284 winchester

plumber01

Well-Known Member
#1
I recently had a 284 Winchester built, trouble is im struggling to fine any loading information, I have 162gn Amax , and would like to use Viht, as I have a few tubs, N165 and N140 , its a 28 inch heavy barrel . any help appreciated
 

plumber01

Well-Known Member
#4
Hi Thanks for that, appreciated, but I have seen it and please dont think im ungrateful, but that is for Sierra bullets, I have Hornady Amax 162gn, and the hornady website doesnt show 7mm .284 winchester , just about everything in 7mm but . cheers guy
 

Laurie

Well-Known Member
#6
Depending on how your 284 has been chambered, it's unlikely you'll get any meaningful data from bullet or powder manufacturers. The 284 Win was introduced way back in 1963 as a short-action cartridge for the Winchester Model 100 self-loading and Model 88 lever-action sporting rifles. It attempted to obtain 270 Win / 280 Rem performance with lighter bullets at least in a short package, the maximum COAL as registered in SAAMI at a mere 2,800-inches, same as 243/308 etc.

In practice this COAL limited bullet weights to 140-150gn and the cartridge was a total commercial flop. What kept it alive was that the US 'wildcatting' community loved its short but high capacity and strong rebated-rim case and it was wildcatted to everything under the sun from .22 to 270 calibres, particularly popular in 6mm and 6.5mm versions, the latter eventually adopted in a modified form by Norma in 2000. Sometimes during the 1980s or 90s, American long-range sporting rifle enthusiasts who were increasingly using custom-built rifles rediscovered the 284, but for use in long actions at COALs considerably greater than the SAAMI 2.8". In this form, it was often called the '284 LT', LT being 'long throat' and was chambered for COALs at around 3.1-3.3" using 150-180gn bullets. This transforms the usability and performance of the cartridge, but is no longer a factory design, and standard 284 data no longer applies. It is in effect a 'semi-wildcat'. Somewhat more recently, F-Class competitors discovered the 284 Win, although nobody calls it that in the discipline, the usual name applied being 'the straight 284' (to distinguish it from the 6.5-284 variant and also the slightly 'improved' 284 Shehane version).

Most 'effers', myself included load 175/180gn bullets, but the 162gn A-Max is popular with some and is easy to load for. The first thing you need to find out and let people know about if you want loading data help is the OAL the chamber needs with the 162 when just out of the rifling lands, and that'll depend on what the gunsmith set it up for as we're talking non-SAAMI dimensions here. It's unlikely it'll be a SAAMI chamber, or at least I hope not as it'll be a very constrained rifle/cartridge combination for you as was the 1960s original.

At the factory / SAAMI 2.800-inch COAL over half of the 1.42" long 162 A-Max, a shade under 0.8" is inside the case and the likelihood is that it's so deeply seated that the shank is too deep to be gripped properly by the case-neck even. A more sensible chamber freebore would see this bullet loaded to ~3.1-inches when touching or just shy of the rifling lands, that being near ideal with a calibre length of bullet shank seated inside the case-neck.

IF that is how your 284 has been set up, Viht N165 is a very good powder for this combination. It won't provide ultimate velocities, but with a full-case charge or even a little compressed, it usually gives good precision and reasonable velocities allied to very good barrel life as N165 is one of the coolest burning canister propellants available.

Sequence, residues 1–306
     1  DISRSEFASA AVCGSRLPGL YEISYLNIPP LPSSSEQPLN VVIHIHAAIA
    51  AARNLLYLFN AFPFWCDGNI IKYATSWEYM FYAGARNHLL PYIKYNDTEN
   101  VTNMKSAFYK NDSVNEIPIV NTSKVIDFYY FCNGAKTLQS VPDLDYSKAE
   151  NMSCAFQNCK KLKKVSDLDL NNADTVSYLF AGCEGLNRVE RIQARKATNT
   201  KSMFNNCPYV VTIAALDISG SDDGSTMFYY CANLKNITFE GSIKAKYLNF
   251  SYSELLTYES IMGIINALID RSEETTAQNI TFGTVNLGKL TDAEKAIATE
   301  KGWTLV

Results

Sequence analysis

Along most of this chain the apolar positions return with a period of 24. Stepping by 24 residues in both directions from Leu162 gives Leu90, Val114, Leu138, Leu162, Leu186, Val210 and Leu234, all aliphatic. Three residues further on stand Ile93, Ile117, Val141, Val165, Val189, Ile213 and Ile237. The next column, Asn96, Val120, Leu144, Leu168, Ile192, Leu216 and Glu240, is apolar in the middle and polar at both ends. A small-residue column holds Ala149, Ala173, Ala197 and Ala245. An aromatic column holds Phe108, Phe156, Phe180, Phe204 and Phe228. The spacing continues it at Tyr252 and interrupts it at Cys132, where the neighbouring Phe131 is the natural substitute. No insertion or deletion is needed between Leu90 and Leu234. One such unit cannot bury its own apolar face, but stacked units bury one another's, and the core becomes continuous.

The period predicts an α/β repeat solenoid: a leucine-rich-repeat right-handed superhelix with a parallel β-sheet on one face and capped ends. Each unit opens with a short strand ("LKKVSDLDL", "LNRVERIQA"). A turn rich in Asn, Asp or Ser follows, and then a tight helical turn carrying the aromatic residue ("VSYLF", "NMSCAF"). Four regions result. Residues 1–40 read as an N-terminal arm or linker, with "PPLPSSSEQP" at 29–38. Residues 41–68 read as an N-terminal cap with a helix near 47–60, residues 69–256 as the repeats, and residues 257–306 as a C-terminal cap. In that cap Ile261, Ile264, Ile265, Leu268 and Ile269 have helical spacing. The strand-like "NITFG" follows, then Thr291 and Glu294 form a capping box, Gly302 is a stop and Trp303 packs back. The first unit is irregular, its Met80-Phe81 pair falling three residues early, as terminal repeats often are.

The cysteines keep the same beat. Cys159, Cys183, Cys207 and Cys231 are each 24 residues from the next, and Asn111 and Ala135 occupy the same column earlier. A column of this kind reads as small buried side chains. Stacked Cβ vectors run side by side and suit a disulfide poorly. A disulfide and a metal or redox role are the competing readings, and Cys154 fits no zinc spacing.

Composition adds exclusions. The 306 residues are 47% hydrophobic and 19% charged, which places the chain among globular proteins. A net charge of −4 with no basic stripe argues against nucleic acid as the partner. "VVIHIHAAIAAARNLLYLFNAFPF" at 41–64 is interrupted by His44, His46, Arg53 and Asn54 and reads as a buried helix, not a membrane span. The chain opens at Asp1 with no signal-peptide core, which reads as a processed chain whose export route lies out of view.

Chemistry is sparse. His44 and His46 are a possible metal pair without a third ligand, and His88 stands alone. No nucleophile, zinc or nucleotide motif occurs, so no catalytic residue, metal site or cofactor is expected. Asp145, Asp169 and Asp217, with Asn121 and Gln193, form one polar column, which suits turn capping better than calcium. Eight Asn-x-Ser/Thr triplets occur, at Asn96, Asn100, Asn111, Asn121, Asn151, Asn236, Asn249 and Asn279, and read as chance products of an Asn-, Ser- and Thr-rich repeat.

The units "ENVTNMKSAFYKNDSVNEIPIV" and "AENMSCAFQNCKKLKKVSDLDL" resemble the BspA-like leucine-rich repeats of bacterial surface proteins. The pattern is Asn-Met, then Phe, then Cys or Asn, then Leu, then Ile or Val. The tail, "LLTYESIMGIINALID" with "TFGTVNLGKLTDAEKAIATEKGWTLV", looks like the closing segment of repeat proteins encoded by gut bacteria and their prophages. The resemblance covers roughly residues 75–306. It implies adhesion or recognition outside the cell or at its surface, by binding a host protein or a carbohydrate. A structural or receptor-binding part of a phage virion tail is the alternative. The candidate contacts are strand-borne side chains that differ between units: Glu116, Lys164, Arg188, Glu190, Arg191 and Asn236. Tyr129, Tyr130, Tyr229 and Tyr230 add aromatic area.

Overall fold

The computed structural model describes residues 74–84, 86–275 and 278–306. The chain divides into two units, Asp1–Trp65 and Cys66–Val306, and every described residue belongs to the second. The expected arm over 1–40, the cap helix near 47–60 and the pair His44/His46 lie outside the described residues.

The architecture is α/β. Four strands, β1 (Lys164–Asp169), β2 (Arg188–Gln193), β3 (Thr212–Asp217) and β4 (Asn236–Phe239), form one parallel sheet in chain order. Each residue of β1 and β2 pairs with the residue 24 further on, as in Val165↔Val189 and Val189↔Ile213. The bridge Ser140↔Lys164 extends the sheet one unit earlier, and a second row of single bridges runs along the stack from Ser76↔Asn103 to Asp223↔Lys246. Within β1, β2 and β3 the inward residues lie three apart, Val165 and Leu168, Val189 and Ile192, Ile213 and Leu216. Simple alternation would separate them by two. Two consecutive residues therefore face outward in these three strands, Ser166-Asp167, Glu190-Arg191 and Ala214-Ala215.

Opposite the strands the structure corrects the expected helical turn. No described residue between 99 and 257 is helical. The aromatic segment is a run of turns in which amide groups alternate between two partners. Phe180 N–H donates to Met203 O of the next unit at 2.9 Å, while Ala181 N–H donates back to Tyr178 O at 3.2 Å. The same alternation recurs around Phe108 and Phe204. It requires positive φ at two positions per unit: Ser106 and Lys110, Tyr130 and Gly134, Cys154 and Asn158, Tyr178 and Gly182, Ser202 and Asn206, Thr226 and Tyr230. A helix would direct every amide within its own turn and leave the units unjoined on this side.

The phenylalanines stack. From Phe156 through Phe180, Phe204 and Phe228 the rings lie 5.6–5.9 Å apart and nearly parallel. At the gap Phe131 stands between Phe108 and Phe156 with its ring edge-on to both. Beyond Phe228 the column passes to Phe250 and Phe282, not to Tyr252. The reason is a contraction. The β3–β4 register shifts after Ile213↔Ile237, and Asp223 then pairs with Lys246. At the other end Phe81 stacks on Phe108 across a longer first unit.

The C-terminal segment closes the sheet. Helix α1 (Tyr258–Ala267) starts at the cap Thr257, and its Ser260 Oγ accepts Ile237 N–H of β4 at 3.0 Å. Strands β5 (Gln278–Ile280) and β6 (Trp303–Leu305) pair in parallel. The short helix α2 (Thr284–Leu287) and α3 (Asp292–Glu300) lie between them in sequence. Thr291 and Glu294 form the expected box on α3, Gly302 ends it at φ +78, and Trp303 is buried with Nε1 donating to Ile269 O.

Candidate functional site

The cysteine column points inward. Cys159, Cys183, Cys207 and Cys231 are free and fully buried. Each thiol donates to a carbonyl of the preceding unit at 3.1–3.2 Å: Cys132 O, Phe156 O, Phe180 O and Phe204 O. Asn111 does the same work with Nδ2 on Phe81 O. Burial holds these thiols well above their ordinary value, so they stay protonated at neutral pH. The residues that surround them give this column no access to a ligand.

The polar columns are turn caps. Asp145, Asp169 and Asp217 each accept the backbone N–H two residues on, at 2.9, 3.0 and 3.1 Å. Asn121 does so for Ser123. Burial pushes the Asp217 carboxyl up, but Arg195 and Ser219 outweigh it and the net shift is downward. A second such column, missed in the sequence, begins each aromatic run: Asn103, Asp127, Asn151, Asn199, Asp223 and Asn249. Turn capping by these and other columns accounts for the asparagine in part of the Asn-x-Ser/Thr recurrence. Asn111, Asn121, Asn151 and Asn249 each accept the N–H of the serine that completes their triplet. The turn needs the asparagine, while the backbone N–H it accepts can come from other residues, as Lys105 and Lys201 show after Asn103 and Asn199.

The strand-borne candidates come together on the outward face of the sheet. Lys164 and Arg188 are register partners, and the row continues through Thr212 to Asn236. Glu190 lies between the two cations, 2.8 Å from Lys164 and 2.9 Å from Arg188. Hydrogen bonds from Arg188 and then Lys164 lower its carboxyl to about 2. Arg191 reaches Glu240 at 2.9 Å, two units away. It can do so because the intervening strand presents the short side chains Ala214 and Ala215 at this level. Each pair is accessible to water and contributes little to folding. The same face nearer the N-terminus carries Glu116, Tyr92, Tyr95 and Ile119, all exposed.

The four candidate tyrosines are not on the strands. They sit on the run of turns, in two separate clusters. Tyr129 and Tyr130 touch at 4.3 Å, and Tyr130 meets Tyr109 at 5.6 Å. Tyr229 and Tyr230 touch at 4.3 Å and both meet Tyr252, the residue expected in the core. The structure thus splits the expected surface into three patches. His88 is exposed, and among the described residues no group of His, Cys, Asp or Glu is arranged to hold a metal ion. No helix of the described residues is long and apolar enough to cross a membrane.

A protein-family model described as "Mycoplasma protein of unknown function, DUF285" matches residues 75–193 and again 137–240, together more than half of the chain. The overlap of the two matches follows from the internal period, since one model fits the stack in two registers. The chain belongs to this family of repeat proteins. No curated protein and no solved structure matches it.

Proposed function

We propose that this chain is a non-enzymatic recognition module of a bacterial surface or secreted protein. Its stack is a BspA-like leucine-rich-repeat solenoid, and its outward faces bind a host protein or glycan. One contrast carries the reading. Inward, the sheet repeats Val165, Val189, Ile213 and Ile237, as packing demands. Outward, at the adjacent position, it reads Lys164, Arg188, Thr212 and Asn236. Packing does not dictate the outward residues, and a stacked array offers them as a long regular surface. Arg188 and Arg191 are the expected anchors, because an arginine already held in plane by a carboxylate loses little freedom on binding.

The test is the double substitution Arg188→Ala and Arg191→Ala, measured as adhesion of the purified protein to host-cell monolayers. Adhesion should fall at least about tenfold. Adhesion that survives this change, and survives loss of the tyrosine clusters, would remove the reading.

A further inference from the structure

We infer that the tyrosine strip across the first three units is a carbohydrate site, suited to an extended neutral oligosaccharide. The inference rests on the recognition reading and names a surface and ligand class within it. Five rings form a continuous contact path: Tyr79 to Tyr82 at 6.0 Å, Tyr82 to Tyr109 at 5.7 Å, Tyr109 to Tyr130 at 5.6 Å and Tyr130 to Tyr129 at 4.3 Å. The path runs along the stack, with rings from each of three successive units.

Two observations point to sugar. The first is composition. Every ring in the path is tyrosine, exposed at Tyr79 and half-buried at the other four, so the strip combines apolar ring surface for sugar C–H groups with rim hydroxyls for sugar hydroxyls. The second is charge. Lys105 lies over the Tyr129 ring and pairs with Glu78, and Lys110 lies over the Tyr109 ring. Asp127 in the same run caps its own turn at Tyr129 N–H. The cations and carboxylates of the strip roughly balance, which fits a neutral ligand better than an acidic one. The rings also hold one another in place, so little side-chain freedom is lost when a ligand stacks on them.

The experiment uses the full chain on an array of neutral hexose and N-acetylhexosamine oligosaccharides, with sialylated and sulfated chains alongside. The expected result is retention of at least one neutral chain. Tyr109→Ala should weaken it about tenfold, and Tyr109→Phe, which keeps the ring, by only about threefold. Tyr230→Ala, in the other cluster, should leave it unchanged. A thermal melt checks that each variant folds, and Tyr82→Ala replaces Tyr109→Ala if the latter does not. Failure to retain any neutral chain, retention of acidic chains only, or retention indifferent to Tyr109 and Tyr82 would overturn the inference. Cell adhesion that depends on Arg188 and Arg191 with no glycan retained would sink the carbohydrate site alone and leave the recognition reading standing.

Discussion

Reiver Boy

Well-Known Member
#7
I use 162 Amax over 53.5 RL17/RS60 in my .284, I'm getting 2950 from a 26" barrel. I really love this calibre, I will be taking it up north instead of my 6.5x47 next time I go.
 

plumber01

Well-Known Member
#10
HI Thanks for the help , Particularly Laurie, as it happens OAL on a Amax 162gn coming a fraction over 3-1inch. Which spooked me out when 284 data show 2-8 inches !. I tried 52gns v165, thing I will build it up to about 56 ( 1 gn at a time ) and look out for pressure, and see if i can get it close to 3000fps . cheers guy
 

Muir

Well-Known Member
#11
HI Thanks for the help , Particularly Laurie, as it happens OAL on a Amax 162gn coming a fraction over 3-1inch. Which spooked me out when 284 data show 2-8 inches !. I tried 52gns v165, thing I will build it up to about 56 ( 1 gn at a time ) and look out for pressure, and see if i can get it close to 3000fps . cheers guy
Why would that spook you? I"m curious.~Muir
 

plumber01

Well-Known Member
#12
Hi Muir , the .284 Winchester shows standard settings of 2-8 inches, i find Remington chambers tend to be longer, but a over a third of an inch seemed quite a lot, ! well it did to me anyway. and I tend to assume Im not the brightest soul, so made the presumption i had lost the ability to measure it as it was way outside the loading manual.
 

Tom D

Well-Known Member
#13
i think the 284 was built around a short action so mag length would restrict OAL to about 2.8", this is probably the data shows 2.8..I presume you have a longer mag and can go to the 3.1"...
 

Kalahari

Well-Known Member
#14
I remember the model 88. Friend had one in 308 if I remember rightly. He got it because he was a lefty. It and Kalahari dust were not a happpy combination.


David.

Sorry about the semi-hijack.
 

xavierdoc

Well-Known Member
#17
HI Thanks for the help , Particularly Laurie, as it happens OAL on a Amax 162gn coming a fraction over 3-1inch. Which spooked me out when 284 data show 2-8 inches !. I tried 52gns v165, thing I will build it up to about 56 ( 1 gn at a time ) and look out for pressure, and see if i can get it close to 3000fps . cheers guy
Your text in red might be a typo but if not, I'd suggest you should use smaller increments as you work up toward max loads.
 

Top